As we continue with our F-Tag series, this week we review the new regulations that will go into effect on November 28, 2019 with the rollout of Phase III of the new Long-Term Care Survey Process. One of those regulations is “effective communication” for direct care staff.
Communication training can be tricky to implement because communication means something different to everyone. If you grew up in a loud and boisterous home, then your communication style may be very different then someone who grew up in quiet home. Because we all communicate differently, some key elements are required when teaching effective communication –particularly as it applies to caring for residents.
Key Elements for Effective Communication
In every conversation, whether it’s with a resident or fellow employee, be open and honest in the delivery of your information.
If a resident or fellow employee makes a request that you agree to follow up on, make sure to keep your end of the agreement on that request.
Respect cultural differences. Although you won’t know particulars of everyone’s culture, having a healthy respect and general understanding of other cultures is important. If you don’t know —ask.
- Active Listening
When engaged in conversation, listen to understand rather than to respond. Ask open ended questions and think before you answer.
- Be Aware of Non-Verbal Communication
Your body language tells a story. Be aware of how you are presenting yourself to the other individual. If they are seated, ask if you may be seated. If they are standing, be respectful of personal space. Have an open body stance to present a more welcoming atmosphere.
- Asking Rather Than Telling
Mentor employees on how to engage a resident in conversation. It’s important to offer choices. The resident may be more comfortable with doing something differently.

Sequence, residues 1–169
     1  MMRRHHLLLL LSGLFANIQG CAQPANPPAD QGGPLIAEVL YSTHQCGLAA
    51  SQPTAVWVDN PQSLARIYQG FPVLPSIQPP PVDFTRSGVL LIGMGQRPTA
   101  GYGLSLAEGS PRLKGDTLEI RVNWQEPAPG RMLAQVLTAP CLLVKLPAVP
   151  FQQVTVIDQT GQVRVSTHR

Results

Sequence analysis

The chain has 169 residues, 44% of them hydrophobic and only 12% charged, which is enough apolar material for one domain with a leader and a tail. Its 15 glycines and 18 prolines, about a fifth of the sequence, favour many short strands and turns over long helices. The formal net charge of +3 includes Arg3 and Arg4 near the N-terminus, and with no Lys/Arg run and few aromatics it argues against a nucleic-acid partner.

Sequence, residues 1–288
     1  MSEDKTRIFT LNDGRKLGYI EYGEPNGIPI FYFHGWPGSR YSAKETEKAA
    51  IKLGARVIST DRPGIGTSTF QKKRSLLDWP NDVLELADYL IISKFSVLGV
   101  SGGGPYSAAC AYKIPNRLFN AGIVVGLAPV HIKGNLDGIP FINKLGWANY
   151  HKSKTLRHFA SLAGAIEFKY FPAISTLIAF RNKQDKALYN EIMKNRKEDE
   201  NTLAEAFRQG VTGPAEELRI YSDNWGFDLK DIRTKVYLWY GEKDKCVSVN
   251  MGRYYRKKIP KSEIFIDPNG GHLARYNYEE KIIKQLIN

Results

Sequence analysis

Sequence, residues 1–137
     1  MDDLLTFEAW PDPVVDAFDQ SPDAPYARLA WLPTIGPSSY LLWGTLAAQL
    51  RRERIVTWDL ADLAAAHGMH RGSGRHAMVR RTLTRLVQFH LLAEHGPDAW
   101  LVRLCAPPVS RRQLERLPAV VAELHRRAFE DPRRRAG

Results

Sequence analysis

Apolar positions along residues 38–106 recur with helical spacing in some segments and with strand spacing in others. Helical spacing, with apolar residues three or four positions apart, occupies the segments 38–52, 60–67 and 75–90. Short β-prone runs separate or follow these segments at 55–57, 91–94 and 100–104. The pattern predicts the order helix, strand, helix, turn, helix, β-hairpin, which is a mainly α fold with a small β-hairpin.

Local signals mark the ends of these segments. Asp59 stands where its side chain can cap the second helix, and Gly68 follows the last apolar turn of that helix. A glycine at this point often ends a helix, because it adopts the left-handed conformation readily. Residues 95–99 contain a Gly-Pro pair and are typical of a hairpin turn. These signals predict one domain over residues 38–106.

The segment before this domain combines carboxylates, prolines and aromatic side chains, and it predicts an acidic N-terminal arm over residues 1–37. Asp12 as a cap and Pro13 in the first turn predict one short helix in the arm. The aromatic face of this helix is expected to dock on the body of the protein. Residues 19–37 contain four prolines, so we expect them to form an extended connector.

Establishing Your Training Plan
When establishing your communication training plan, consider the audience and develop different training plans for specific groups of employees. For example, department managers and nurses are afforded different communication opportunities with residents than nursing assistants or housekeeping staff. Assemble participation groups according to job duties and level of responsibility. When training nursing assistants or housekeepers, teach the material at their level and include examples of real-life interactions they may have with residents. Give employees the decision making ability to devise on the spot judgment calls that will improve residents’ lives.
Work with family members who would be interested in participating in training sessions on communication. Family members may interpret conversations differently. Also, be open to utilizing subject matter experts such as the Ombudsman or your Area Agency on Aging.
It is important to develop communication training policies, and identify how those policies will be implemented.
Look for future segments in our F-Tag series as we continue to examine Phase III of the new Long-Term care Survey Process.
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